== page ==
The 16th-century fireplace in this bedroom had been blocked in when a later flue from a fireplace in the room below was cut through its back. The walls are â&#x20AC;&#x2DC;Stringâ&#x20AC;&#x2122;, a colour we have used extensively in the house, as it complements the local Beer stone of the fireplaces that are a feature of almost every room. 46
Extract from:Farrow & Ball Decorating with Colour by Ros Byam Shaw, photography by Jan Baldwin, published by Ryland Peters & Small. Available to Heart Home readers for the special price of ÂŁ28.00 including postage & packaging (rrp ÂŁ35.00) by telephoning Macmillan Direct on 01256 302 699 and quoting the reference GLR 8TJ.
The Country Fair Kitchen Collection, Sainsburys.
Escape to the sun Banish the winter blues by bringing the warmth of the Mediterranean into the kitchen with farmhouse appliances, chunky wood, terracotta and bright patterns. 1. 2.
1. Decorative Wooden Shelf, £100, Sweetpea and Willow. 2. Traditional Spanish Pimenton (paprika), £3.95, Alhambra Home & Garden.
3. Emile Hendry Tagine in Rouge, from £59.90, Occa Home. 4. Terracotta Olive Oil Pourer, £8, Sainsburys. 5. Château 150, solid copper stove with polished copper trim, from £24,000, La Cornue.
6. Dinner Plates, £21.50 each, Boutique Provencal. 7. Vintage French Coffee Grinder, £38, Raspberry Mash. 8. Terracotta Tapas Bowl, £4.50, Tesco. 9. Fireclay Kitchen Sink with Drainboard, Kallista. 10. Handmade English tiles, The Winchester Tile Company.
Layered Pear Cake with Honey frosting By Giedre Augustinaviciute A perfect light, fruit filled sponge covered with snowy frosting that will make a sensational centrepiece at tea-time. The combination of pears and honey nestling in a light-as-air sponge will surprise the taste buds and make a welcome change from the usual fruitcake. 50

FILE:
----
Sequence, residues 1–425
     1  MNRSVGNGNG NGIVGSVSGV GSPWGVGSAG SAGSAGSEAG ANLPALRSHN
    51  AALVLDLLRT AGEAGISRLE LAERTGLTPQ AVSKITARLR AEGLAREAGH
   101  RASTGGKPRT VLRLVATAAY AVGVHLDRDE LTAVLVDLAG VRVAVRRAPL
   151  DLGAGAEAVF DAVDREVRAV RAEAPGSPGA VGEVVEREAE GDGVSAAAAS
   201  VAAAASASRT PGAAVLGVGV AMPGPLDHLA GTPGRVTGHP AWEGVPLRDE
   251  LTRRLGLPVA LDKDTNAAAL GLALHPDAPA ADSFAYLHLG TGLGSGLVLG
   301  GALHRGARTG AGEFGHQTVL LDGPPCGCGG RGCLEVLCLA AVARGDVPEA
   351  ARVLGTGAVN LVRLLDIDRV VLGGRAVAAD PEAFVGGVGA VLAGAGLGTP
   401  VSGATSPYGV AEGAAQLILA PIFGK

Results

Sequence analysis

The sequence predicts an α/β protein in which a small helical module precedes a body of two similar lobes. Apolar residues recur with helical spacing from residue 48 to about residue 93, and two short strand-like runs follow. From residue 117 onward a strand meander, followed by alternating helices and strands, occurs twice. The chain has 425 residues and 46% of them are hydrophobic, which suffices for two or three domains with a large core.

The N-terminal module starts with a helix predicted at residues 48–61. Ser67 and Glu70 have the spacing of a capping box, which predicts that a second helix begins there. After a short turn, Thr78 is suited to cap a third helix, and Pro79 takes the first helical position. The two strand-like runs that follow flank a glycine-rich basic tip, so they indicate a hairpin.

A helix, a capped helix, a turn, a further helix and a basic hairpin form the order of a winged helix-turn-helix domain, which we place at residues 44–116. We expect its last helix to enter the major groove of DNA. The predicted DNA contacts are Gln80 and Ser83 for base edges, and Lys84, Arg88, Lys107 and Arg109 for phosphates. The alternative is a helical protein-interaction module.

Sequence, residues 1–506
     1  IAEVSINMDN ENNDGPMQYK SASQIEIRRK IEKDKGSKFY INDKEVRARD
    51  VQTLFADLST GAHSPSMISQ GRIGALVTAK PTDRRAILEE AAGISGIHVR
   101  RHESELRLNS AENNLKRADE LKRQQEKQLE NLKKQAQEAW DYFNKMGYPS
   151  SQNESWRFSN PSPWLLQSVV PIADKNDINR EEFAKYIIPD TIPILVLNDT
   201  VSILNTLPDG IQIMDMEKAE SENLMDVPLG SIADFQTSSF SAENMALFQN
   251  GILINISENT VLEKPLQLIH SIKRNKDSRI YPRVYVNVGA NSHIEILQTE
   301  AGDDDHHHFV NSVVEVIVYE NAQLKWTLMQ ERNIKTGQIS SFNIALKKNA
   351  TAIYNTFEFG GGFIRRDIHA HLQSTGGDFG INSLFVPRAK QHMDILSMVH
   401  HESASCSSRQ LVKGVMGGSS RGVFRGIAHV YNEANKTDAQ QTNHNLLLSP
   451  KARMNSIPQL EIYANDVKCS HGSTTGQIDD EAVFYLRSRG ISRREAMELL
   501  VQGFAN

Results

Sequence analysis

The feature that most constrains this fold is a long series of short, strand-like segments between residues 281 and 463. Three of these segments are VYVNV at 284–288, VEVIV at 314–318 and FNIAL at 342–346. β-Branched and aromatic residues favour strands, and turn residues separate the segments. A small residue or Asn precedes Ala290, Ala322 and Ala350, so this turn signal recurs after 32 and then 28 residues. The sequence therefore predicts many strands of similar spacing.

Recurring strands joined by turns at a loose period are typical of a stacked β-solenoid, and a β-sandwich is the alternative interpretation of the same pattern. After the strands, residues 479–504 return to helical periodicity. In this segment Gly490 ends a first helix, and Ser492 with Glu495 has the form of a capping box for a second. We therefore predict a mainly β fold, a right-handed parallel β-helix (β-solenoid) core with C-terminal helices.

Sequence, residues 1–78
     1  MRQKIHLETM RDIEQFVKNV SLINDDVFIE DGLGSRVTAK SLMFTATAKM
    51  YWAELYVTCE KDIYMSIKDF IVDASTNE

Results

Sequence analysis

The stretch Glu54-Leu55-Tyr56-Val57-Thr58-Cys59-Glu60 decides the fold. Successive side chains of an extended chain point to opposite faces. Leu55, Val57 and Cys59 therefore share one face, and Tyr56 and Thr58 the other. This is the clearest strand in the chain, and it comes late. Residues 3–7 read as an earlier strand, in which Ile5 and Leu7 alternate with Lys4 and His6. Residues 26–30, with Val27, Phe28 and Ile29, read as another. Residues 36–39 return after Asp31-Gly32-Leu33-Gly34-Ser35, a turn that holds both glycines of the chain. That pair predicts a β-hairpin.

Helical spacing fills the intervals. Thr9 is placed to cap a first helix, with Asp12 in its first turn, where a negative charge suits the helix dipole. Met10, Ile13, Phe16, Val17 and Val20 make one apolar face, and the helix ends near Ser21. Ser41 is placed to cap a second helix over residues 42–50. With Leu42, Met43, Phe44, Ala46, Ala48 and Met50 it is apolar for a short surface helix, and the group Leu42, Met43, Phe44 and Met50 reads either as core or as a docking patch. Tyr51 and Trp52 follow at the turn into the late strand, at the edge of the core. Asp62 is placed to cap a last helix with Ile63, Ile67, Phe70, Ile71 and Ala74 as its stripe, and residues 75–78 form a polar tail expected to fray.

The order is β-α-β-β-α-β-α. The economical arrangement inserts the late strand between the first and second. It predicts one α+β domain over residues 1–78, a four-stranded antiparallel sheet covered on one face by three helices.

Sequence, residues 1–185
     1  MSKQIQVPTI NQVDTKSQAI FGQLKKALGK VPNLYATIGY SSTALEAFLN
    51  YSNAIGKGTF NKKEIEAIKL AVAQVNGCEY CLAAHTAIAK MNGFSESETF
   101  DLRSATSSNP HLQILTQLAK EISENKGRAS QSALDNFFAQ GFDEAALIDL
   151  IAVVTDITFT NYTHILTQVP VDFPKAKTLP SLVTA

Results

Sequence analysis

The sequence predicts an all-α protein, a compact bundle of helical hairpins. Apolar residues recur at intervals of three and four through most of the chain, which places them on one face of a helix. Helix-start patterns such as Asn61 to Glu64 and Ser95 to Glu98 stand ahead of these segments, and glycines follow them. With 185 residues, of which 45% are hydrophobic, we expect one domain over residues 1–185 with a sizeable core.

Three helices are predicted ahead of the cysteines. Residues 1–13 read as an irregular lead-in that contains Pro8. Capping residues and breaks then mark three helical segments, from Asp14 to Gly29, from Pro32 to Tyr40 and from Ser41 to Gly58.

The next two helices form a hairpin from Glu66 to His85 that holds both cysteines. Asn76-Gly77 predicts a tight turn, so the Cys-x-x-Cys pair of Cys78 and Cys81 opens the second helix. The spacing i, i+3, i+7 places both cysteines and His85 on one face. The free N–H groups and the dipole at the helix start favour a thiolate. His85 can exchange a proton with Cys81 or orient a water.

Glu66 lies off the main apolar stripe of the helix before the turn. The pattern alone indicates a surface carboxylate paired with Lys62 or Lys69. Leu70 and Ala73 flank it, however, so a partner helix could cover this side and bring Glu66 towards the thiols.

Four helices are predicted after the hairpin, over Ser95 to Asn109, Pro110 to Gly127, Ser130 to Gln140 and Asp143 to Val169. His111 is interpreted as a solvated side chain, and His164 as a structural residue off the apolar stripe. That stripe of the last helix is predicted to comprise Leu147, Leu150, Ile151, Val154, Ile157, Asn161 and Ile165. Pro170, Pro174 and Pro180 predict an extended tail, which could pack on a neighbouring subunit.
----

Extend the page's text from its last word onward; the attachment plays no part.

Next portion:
For the sponge 4 large eggs 120g caster sugar 40g soft light brown sugar 120ml buttermilk 120g clear honey 120ml vegetable oil 1 tsp lemon zest 280g plain flour 1 ½ tsp baking powder 1 tsp ground cinnamon 1 tsp salt
For the frosting 500g icing sugar 100g unsalted butter, softened 250g cream cheese 50g clear honey Ground cinnamon, for dusting (optional)
For the caramelised pears 3 pears 20g unsalted butter 60g clear honey 40g caster sugar
• Use four 20cm (8in) diameter • Using the electric whisk or loose-bottomed sandwich tins mixer, slowly mix the butter and icing sugar together • Preheat the oven to 170C/150C until no large lumps of butter fan/gas mark 3, and line the remain and the ingredients base of the sandwich tins with have a sandy consistency. Add baking paper. the cream cheese and honey • Cook the pears. Peel and and continue mixing on a low core the fruit and cut each speed until incorporated, then lengthways into about 12 slices. increase the speed to medium Place the remaining ingredients and beat the frosting until it is in a saucepan and melt together light and fluffy. over a low heat. Add the sliced • Once the sponges have cooled, pears and cook until the fruit place the first layer on a plate is soft and golden. Set aside to or cake card and top with cool while you make the sponge 3-4 tablespoons of the honey batter. frosting, smoothing it on with • Using a hand-held electric a palette knife and adding a whisk or a freestanding little more if needed. Continue electric mixer with the paddle this process, adding the second attachment, cream together the layer of sponge and topping eggs and both types of sugars with frosting. Repeat with the until light and fluffy. In a jug, third layer, then add the final stir together the buttermilk, sponge and frost the sides and honey, vegetable oil and lemon top of the cake, covering it zest. Pour this liquid mixture completely so that no sponge into the creamed ingredients can be seen. while mixing on low speed. • Lightly dust with ground • Sift together the remaining cinnamon if you like. ingredients, add to the creamed mixture and mix together on a medium speed to ensure everything is well incorporated. • Divide the cake batter evenly between the prepared cake tins. Top the batter with the cooked pears, allowing nine slices per cake and placing them in concentric circles, each slice spaced evenly apart. • Place in the oven and bake for 25-30 minutes or until each sponge is golden brown on top and bounces back when lightly pressed. Allow the cakes to cool completely on a wire rack, before you frost them.